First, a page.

THE #PLASTICFREE ROUND UP

This blog is coming to you a little later than planned, because with birthdays, teaching and a sickness bug that knocked me out for a week, I don’t really know where the time went.

As many of you will know this year Gareth and I gave up buying anything packaged in plastic for Lent, which, living in a small town, wasn’t the easiest. There are no bulk stores here, no plastic free shops, and so it came down to a lot of pre-planning and inventive thinking (not a bad thing).

And so how did we do? Amazing actually - we bought something in plastic once, in the last week, on a bad day, when the tofu we had been making had gone terribly wrong for reasons unknown to us, it was late, and to be honest by then I felt we had learnt our lessons - what to change, how we could make that possible, and what we would bring back in.

What we learnt…

Be prepared.

This was possibly the important lesson from the whole 40 days.

There’s the slightly easier things, like remembering your reusable cup, bags and make some cutlery if you’re going to be eating out, but mainly I mean planning what you’re going to eat for the week. This can seem a little annoying if it isn’t something you usually do, but trust me, being prepared means you won’t be running out to your local shop looking for plastic free sweet potatoes (which if you live somewhere like me, just isn’t possible). Plus it’s going to encourage you to try new things! (Look in some the previous #plasticfree posts for some of our faves).

Find alternatives

Being prepared also gives you the time to find plastic free alternatives and shop around a little. As an example, the peanut butter we usually bought comes in a plastic container so we simply changed brands to one that comes in glass.

Make your own

There’s likely to be some things, as you move towards buying less plastic that you really want but it kind of just jars with your conscience to buy. This is where making your own / the internet can become your best friend. For yogurt we used thick coconut milk, whisked it up and stored it in the fridge. We made our own hummus (recipe here), and even our own tofu (recipe to come).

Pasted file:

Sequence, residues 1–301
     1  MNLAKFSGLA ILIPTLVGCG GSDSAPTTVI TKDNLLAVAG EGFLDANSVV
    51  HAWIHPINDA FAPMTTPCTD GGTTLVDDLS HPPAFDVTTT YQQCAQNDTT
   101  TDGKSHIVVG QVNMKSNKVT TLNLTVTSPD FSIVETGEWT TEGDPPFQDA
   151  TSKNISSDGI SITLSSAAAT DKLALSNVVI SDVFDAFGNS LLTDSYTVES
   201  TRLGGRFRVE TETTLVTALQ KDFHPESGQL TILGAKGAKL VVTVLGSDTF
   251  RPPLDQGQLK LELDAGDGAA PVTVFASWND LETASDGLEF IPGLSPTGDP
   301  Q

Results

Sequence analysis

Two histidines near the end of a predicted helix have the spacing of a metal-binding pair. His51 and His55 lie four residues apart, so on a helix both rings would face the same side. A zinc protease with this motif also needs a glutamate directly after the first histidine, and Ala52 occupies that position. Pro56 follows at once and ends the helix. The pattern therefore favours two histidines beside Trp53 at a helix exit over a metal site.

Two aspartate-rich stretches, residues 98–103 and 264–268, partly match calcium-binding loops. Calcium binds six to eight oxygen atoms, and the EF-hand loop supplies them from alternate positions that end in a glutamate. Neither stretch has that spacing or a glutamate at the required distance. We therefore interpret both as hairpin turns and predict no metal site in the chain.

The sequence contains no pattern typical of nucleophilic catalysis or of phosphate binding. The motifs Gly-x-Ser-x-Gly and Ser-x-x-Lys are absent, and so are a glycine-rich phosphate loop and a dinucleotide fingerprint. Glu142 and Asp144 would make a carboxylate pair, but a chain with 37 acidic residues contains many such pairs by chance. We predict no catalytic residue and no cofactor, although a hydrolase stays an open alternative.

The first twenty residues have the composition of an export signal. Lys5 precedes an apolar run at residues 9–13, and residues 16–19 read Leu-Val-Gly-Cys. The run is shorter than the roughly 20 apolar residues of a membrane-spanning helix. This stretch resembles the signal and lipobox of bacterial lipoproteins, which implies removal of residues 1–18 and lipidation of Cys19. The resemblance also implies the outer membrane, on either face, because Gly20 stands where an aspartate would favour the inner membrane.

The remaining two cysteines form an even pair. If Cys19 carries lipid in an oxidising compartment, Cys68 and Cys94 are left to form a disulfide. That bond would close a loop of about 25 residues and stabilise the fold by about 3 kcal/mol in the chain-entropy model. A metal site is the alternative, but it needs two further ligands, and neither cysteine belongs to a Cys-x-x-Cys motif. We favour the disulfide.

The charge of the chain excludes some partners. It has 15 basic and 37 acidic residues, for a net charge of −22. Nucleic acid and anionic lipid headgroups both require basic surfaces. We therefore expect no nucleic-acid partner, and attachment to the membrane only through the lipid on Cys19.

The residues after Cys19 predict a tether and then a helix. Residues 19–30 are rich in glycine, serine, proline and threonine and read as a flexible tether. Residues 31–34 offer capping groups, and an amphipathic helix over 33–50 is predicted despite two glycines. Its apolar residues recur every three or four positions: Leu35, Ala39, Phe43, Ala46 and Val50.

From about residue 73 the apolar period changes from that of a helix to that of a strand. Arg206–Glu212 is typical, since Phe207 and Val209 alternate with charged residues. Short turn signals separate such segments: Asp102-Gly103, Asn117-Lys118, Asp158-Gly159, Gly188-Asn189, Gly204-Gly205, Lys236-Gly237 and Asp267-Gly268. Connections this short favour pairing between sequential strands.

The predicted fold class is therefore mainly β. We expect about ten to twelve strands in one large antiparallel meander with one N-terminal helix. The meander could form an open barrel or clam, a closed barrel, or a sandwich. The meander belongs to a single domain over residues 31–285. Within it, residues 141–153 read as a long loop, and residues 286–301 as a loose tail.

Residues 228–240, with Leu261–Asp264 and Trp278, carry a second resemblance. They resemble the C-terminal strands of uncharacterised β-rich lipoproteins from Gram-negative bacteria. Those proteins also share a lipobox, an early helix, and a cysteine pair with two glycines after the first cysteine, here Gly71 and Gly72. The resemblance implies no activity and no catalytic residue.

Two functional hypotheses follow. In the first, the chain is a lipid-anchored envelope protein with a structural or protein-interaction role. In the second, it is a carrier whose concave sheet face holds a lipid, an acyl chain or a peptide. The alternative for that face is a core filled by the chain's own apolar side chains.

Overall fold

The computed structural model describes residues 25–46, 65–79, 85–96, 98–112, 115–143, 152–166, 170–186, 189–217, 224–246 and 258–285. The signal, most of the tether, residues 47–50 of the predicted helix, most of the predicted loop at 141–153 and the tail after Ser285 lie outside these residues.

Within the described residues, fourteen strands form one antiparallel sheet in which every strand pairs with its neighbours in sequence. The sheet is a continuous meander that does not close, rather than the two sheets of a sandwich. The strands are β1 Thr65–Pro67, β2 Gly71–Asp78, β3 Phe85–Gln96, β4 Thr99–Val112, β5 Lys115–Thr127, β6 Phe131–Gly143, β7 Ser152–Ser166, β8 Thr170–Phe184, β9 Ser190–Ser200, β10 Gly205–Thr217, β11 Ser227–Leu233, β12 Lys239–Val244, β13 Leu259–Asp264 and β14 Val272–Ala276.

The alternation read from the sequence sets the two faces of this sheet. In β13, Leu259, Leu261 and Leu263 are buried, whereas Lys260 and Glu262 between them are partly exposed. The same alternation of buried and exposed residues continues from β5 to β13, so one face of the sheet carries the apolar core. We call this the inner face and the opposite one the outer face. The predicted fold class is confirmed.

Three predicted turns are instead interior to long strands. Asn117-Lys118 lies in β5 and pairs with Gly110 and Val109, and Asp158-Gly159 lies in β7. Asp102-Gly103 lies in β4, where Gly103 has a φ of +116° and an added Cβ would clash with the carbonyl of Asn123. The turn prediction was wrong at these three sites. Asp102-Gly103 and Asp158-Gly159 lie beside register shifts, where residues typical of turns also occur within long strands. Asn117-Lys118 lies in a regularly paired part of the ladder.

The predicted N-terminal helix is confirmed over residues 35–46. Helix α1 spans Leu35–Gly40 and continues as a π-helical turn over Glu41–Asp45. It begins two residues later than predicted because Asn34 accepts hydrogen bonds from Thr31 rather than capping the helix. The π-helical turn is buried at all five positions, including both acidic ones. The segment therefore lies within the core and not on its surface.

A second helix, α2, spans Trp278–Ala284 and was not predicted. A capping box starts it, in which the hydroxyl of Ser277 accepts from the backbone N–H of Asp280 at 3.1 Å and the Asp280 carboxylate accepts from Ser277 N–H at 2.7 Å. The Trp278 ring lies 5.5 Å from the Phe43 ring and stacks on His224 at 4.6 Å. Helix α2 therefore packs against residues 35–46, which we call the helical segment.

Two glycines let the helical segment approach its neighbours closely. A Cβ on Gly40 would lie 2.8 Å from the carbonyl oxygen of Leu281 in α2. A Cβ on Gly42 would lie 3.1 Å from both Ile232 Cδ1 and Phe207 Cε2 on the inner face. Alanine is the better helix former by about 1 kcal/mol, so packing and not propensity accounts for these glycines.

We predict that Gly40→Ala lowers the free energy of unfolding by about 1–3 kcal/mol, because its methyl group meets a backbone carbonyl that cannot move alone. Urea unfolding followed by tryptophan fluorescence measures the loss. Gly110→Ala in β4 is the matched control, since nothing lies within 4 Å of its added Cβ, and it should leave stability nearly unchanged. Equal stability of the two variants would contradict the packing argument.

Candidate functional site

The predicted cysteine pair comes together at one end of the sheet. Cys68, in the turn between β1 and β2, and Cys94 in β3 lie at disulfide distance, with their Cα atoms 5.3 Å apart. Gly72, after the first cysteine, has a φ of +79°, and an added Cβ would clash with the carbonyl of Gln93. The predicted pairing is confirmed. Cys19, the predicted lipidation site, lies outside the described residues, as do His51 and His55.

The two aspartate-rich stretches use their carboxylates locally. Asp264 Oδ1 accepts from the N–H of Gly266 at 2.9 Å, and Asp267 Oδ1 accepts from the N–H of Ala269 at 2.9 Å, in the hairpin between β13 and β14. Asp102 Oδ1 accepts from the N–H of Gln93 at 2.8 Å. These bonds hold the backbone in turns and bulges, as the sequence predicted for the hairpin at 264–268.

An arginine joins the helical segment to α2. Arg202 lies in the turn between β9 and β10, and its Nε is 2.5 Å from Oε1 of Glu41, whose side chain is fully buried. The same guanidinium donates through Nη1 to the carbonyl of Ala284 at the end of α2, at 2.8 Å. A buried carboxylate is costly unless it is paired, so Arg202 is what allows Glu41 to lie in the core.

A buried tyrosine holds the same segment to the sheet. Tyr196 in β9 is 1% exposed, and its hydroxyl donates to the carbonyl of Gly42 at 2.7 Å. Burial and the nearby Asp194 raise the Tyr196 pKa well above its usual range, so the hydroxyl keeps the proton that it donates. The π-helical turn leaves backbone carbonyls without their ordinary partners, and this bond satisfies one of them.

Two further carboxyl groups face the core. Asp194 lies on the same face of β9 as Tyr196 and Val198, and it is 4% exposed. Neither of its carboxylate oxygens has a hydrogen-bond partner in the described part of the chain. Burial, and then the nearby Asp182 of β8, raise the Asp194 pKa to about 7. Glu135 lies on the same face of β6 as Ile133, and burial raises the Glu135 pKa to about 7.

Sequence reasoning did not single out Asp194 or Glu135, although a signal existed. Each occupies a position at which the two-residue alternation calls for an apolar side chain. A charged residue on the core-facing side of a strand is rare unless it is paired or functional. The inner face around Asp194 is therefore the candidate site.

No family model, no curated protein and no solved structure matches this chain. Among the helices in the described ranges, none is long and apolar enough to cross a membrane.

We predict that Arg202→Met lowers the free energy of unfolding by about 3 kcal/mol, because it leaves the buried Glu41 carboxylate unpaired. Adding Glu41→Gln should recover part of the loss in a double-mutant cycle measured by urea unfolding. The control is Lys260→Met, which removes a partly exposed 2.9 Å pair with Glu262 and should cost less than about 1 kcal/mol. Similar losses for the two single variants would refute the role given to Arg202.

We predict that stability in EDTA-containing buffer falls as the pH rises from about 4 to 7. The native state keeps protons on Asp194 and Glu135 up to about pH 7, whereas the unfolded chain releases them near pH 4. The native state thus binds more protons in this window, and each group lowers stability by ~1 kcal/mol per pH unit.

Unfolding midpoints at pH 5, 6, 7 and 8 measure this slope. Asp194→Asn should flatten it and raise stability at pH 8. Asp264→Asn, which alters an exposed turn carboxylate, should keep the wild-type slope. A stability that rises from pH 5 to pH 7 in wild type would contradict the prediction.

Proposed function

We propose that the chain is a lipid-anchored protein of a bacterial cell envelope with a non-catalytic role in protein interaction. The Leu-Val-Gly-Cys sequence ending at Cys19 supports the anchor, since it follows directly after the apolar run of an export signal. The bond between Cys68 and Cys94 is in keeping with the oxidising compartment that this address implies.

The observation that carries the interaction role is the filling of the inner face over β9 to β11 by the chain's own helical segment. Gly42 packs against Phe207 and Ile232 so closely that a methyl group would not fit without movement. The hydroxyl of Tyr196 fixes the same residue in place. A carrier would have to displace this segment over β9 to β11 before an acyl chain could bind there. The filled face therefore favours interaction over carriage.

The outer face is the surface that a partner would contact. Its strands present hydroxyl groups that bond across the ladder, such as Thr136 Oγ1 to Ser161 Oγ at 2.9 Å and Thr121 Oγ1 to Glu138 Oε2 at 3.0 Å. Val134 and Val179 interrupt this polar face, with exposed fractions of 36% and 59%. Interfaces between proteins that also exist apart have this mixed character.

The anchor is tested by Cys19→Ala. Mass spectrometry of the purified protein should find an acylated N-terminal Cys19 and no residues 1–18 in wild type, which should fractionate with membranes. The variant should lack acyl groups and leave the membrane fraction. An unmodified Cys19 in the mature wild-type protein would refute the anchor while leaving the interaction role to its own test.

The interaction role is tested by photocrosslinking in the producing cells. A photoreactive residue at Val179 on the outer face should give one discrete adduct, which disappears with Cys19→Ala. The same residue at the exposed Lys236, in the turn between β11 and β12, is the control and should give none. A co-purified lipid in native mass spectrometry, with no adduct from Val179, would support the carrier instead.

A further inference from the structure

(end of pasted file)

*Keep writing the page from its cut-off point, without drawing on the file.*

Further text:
Don’t be afraid to ask

I know that it can seem kind of rude (classic British problem) to put all you veg separately through the till at the supermarket but we never came across anyone that minded. If you can’t find something not wrapped in plastic ask - in our experience the lovely humans who own fruit and veg shops and stalls were really interested what we were doing, our local shop allow us to bring cartons and bags back to be reused. We bought our own paper bag for the bakers. And if you eat meat or fish both supermarkets and independent counters will be really helpful too.

Toiletries

This was something we got asked a lot about and the simple answer is Lush. They do everything from suncream to shampoo plastic free, and what does come in plastic you bring back and the recycle in house. Since the time we did this The Body Shop have also started something similar along with their campaign Plastics For Change.

Will we go back? What changes are permanent?

Yes and no. At the start of our plastic free challenge Gareth and I were predominantly plastic free anyway. We bought veg loose (you don’t need bags even at supermarkets, just pop them in your trolly), oats in cardboard, tetra-pack milks and glass bottled juice… but we did have a few items we were finding difficult to shake; yogurt, berries, hummus and tofu being the main culprits. This challenge forced us out of those habits and to look for alternatives.

We have our homemade alternatives now for yogurt and hummus, and get berries from our local fruit and veg shop. As for tofu we will see. Our aim for now is to make it most of the time, but to allow ourselves the grace when we are in a rush or have forgotten to put the soy beans to soak (a step in making the tofu) to go out and grab some.

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